Orsayor: Hi Tiffany, Thank you for agreeing to this interview. Tell us a little about yourself and your background?
McDaniel: I’m an Ohio poet and novelist. I wish I had something really cool and interesting to say about myself like I have trekked the jungles of South America and sailed the high seas, but outside of my writing, I’m pretty boring and quiet with a background to match.
Orsayor: What inspired you to write The Summer that Melted Everything?
McDaniel: The inspiration question is always a little hard to answer just because creativity is hard to pin down to a science. I always say what inspires me are the characters themselves. They hover around me and inspire, demand even, that I write them the best beginning, middle, and end of a story that I can. I owe that to the characters. I owe that to the readers.
Orsayor: Do you work with an outline or plot or do you prefer just to see where an idea takes you?
McDaniel: I never outline or plan where the story is going to go. The story evolves with each new word and page that I write. For me, outlining a story domesticates it, and I want to preserve the wild soul of the story.
Orsayor: Was there a scene in The Summer that Melted Everything that was hard for you to write?
McDaniel: As the author, I have to be prepared to write humor as much as tragedy, sadness just as much as happiness. I tend to write darker literary fiction, so there’s always bound to be emotional scenes within the text and my job as the author is to be brave with those scenes and not turn away from them, but rather tell them as honestly as I can.
Orsayor: Give readers an insight into one of your main characters from the book.
McDaniel: The Summer that Melted Everything is about an eighty-four-year-old man named Fielding Bliss, who is looking back on his life during one summer in 1984 when he was thirteen-years-old and his father, Autopsy Bliss, invited the devil to their small town called Breathed, Ohio. Who answers the invitation ends up being a boy in overalls and bruises. This boy’s arrival comes the first day of a hell-hot heat-wave that carries through the entire course of the summer. This is not just a story about the heat, but a story of everything that melted in that heat. Family, friendships, innocence, and even lives. Puddles of all of these things melted down. That is what this story is. Fielding trying to survive ferrying these puddles, which to him have become oceans he must cross to once again find the bliss of his name.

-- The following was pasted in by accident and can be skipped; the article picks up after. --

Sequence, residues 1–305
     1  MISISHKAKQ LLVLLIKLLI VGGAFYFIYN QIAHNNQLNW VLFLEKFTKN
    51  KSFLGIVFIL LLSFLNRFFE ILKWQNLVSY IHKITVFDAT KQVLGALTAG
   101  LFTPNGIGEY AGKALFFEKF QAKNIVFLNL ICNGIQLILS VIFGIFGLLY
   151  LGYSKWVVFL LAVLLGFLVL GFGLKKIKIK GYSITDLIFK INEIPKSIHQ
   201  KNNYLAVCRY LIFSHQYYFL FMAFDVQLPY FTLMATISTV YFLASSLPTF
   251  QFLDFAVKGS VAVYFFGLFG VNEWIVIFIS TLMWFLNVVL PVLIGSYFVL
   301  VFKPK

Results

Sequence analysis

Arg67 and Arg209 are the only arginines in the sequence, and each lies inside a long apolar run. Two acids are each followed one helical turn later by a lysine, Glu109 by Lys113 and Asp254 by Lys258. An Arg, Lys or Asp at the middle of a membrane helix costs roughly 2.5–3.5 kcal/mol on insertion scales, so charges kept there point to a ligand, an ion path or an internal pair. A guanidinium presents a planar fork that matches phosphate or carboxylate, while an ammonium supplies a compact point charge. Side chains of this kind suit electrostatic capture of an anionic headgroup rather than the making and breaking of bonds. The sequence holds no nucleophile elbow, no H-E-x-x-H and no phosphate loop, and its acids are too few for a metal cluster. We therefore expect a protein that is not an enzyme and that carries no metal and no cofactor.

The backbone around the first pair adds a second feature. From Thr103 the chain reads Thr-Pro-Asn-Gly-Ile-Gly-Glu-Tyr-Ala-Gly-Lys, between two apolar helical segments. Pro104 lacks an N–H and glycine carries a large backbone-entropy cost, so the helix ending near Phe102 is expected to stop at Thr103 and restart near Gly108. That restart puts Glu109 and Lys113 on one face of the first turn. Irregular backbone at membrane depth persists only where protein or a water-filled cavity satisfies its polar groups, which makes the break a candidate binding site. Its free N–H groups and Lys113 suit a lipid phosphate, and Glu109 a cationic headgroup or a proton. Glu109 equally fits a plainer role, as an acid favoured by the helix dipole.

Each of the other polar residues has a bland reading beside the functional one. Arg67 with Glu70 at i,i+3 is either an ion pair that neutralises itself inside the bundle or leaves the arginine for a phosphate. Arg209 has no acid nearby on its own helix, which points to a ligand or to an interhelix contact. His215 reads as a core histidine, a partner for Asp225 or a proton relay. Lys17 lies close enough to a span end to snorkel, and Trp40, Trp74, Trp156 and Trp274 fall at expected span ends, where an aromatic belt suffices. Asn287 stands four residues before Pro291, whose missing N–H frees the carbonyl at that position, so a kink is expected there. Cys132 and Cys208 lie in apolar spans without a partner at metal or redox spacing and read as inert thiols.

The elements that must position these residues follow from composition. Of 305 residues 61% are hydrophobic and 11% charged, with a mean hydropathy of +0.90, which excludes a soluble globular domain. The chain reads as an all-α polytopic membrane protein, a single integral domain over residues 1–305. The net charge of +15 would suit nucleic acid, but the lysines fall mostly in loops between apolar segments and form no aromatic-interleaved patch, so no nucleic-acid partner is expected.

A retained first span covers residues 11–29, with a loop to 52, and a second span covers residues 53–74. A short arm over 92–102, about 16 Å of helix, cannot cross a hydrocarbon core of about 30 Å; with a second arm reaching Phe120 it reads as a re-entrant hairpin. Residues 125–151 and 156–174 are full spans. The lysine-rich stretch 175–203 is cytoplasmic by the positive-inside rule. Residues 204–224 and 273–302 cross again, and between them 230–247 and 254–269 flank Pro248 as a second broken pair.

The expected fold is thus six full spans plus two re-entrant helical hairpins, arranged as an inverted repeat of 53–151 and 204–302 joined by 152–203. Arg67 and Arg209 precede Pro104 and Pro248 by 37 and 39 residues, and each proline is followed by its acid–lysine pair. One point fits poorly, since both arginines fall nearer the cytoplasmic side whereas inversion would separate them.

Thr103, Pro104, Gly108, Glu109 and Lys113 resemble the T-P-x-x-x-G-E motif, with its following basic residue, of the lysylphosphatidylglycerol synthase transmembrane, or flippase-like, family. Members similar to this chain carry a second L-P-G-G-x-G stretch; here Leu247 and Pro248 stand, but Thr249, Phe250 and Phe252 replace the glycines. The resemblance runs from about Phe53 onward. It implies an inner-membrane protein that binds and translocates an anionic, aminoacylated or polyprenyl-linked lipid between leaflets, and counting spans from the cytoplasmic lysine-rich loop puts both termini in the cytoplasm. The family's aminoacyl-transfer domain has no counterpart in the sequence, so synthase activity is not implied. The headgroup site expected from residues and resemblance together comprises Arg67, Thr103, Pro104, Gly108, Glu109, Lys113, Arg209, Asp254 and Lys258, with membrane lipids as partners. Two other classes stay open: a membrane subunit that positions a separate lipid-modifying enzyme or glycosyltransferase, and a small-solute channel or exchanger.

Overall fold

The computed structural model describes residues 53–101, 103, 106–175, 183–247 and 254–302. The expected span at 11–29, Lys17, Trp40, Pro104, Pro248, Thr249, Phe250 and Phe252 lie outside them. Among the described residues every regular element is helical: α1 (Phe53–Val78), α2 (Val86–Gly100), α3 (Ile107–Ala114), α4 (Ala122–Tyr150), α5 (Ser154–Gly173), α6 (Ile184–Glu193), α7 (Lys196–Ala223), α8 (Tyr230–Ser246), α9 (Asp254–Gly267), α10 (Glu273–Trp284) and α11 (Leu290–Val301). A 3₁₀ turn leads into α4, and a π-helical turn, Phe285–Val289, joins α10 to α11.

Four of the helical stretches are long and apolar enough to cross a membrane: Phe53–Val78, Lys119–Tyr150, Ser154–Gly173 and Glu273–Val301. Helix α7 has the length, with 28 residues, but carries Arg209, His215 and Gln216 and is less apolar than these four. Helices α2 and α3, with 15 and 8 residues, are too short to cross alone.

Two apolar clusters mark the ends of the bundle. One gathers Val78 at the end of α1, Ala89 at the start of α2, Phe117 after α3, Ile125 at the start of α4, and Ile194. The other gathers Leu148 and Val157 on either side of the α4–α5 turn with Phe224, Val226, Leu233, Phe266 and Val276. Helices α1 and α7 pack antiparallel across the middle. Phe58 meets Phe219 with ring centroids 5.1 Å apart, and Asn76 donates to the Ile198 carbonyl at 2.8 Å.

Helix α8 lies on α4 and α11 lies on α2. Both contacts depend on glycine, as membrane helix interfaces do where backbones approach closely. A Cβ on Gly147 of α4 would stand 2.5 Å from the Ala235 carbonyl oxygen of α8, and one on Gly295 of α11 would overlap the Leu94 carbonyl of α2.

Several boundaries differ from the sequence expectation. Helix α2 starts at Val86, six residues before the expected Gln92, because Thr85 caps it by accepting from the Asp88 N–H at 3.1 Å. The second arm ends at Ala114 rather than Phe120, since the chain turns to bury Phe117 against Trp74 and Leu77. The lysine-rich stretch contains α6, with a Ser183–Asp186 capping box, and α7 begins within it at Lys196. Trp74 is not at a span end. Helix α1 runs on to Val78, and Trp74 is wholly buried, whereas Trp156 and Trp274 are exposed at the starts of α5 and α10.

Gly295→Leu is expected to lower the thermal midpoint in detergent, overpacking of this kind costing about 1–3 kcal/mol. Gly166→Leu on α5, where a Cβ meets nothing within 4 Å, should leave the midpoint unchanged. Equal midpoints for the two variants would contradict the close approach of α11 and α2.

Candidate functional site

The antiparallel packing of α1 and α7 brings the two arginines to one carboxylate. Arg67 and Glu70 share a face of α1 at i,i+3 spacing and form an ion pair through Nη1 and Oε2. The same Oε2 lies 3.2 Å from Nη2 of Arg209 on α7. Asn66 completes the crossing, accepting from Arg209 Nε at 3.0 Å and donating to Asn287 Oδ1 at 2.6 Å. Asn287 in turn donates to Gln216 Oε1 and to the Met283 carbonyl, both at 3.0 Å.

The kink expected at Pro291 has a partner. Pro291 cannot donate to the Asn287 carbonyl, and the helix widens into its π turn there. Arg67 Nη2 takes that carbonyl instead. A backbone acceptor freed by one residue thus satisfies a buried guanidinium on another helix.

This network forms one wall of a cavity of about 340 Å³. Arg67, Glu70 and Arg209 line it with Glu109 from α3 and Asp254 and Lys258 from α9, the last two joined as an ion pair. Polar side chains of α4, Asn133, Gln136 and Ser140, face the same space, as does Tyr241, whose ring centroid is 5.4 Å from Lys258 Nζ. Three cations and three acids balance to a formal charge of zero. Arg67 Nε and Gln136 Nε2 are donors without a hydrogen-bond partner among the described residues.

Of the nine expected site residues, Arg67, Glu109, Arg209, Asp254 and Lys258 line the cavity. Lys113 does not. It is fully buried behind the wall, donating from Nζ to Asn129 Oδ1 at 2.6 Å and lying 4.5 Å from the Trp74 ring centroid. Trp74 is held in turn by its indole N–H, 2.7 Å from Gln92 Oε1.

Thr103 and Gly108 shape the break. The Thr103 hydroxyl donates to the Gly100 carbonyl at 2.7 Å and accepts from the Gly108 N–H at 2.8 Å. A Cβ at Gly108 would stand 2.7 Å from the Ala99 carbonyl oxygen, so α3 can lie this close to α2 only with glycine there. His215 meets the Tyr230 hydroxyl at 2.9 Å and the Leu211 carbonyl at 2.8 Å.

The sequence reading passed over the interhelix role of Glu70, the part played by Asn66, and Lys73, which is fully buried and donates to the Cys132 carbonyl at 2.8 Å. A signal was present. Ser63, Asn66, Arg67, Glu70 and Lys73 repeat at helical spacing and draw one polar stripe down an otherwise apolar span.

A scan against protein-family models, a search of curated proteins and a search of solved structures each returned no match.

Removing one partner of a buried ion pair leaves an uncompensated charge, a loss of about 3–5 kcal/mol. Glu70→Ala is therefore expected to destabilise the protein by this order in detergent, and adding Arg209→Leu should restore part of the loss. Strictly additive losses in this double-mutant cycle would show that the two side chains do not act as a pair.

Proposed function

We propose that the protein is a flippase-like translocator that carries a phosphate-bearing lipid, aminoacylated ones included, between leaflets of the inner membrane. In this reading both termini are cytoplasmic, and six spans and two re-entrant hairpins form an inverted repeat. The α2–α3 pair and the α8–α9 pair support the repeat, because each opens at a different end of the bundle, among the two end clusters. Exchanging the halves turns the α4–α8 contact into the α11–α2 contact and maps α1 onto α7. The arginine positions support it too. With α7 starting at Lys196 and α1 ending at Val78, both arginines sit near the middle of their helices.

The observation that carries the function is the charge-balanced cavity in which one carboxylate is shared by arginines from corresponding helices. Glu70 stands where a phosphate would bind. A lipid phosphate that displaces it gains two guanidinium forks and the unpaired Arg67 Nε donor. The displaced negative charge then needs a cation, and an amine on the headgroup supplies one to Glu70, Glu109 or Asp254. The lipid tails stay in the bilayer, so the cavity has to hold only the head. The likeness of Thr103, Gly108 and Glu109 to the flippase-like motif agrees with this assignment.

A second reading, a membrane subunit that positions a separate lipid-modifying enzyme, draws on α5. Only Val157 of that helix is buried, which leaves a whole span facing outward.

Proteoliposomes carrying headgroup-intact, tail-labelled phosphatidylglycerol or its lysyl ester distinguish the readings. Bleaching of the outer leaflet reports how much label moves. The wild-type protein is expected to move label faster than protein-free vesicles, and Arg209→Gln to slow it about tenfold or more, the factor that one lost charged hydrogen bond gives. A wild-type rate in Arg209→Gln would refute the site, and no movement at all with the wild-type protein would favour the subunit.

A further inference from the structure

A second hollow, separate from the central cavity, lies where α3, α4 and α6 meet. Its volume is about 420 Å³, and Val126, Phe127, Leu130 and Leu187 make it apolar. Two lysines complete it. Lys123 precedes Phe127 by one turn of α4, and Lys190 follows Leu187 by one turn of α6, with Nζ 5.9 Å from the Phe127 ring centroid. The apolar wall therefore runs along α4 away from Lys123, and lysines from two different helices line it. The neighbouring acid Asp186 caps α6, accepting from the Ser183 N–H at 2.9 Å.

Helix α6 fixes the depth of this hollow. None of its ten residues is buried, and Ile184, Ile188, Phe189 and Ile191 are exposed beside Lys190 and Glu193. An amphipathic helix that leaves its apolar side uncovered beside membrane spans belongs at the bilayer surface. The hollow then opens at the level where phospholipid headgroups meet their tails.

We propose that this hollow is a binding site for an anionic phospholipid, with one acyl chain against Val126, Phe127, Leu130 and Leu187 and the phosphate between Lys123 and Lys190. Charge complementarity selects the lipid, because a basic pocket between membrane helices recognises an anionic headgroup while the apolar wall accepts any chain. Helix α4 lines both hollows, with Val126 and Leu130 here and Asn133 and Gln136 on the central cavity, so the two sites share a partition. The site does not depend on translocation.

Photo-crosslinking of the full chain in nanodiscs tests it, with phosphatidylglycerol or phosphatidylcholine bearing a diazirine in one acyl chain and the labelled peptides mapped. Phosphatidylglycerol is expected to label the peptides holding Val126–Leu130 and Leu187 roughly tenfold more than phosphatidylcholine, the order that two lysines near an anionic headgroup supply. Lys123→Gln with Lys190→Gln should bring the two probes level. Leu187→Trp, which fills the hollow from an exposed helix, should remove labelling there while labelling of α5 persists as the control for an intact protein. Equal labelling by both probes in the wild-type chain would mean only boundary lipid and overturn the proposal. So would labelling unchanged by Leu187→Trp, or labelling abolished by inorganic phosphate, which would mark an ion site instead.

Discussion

Orsayor: What sort of readers/audience do you believe will find The Summer that Melted Everything interesting and enjoyable to read?
McDaniel: I think the novel will appeal to a wide range of readers. I’m always hesitant to name a specific audience because I think we are all capable of reading and enjoying every genre. As long as a reader has enjoyed their time with the novel, that’s really the most important thing, and genre comes in second to that.
Orsayor: Which actor/actress would you like to see playing the lead character from your book?
McDaniel: For the role of older Fielding perhaps Anthony Hopkins, Jack Nicholson, Jeff Bridges, or Sam Shepherd. Someone with life etched into their skin.
Orsayor: What’s one valuable piece of advice you were given that helped your career?
McDaniel: To never give up. I wrote my first novel when I was eighteen. I wouldn’t get a publishing contract until I was twenty-nine. This is a narrative so many authors have. The road to publication is heart-breaking and discouraging. For me, it was eleven years of rejection and fear I’d never be published. I give the same advice to authors who are still on the journey to publication. Never give up. You owe that to your characters, and you owe that to yourself.
Orsayor: Can you tell readers about any upcoming projects?
McDaniel: I have eight completed novels and am working on my ninth. The novel I’m hoping to follow The Summer that Melted Everything up with is titled, When Lions Stood as Men. It’s the story of a Jewish brother and sister who escape Nazi Germany, cross the Atlantic Ocean, and end up in my land of Ohio. Struggling with the guilt of surviving the Holocaust, they create their own camp of judgment. Being both the guards and the prisoners, they punish themselves not only for surviving but for the sins they know they cannot help but commit.
Orsayor: How can readers discover more about you and you work?
McDaniel: I’m not on social media, but readers can jump on to my website at www.tiffanymcdaniel.com
Readers can also connect with me directly through my website. That connection to readers is very important to me. Readers are the ones who determine an author’s entire career. How can I not give them some of my time, when they’ve given me some of their time reading my book?
An Ohio native, Tiffany McDaniel’s writing is inspired by the rolling hills and buckeye woods of the land she knows. She is also a poet, playwright, screenwriter, and artist. The Summer that Melted Everything is her debut novel.